On the morning of Wednesday, March 15, 1871 three hundred and fifty-five men assembled at Spring Garden Hall, at 13th and Spring Garden Streets, to be sworn in as members of the newly formed paid fire department in Philadelphia. These men would be assigned to the twenty-two engines, five trucks, and five battalions that comprised the department which would go into service at 6:00 PM. They would work twenty-one hours a day, with one and a half hours off for lunch and one and a half hours off for dinner. Every twenty-nine days they would get twenty-four hours off. As they left Spring Garden Hall to report to their stations, they were heckled by former members of the volunteer fire companies. This was done despite the fact the majority of the paid department were former volunteers themselves.
Like members graduating from the fire academy today, they probably thought about their new careers and future assignments with the department. Among those being sworn in were David Humphries, John Rumney, Hugh McClintock, Samuel Killian, and William Lanigan. David Humphries was appointed Assistant Engineer (Battalion Chief). He would be the first member of the department killed in the line of duty. John Rumney was appointed Foreman (Captain) of Engine 12. He would retire February 1, 1925, at the age of 78 after over 54 years of service – all of them at Engine 12. William Lanigan would remain a Hoseman at Engine 12 for his entire career. He retired on February 1, 1925 after more than 54 years of service. Samuel Killian was eventually promoted to Captain. He retired as the Captain of Engine 57 on October 1, 1918, with more than 47 years of service.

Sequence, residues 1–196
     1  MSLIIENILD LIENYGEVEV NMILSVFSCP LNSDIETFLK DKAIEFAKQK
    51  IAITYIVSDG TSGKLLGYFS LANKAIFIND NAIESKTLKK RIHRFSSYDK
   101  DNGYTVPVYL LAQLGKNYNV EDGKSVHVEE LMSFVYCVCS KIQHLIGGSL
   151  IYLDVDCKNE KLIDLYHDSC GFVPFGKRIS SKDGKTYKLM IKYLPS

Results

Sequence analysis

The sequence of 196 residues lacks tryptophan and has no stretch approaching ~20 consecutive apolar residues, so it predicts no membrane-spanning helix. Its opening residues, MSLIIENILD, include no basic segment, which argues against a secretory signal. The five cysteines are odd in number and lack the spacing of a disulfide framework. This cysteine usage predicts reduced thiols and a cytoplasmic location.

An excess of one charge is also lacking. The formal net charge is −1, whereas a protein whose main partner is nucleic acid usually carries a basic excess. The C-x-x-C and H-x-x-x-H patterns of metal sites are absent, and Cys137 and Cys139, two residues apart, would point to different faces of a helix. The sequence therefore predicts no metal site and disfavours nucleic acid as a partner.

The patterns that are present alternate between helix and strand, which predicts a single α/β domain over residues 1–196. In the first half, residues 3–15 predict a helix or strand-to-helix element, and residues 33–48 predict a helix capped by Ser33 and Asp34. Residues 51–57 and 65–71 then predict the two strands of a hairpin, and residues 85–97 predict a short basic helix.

Some of the others sworn in that day would resign after only a few months. Others would be fired. But these original members along with the thousands who followed in their footsteps laid the foundation for the department we have today 149 years later.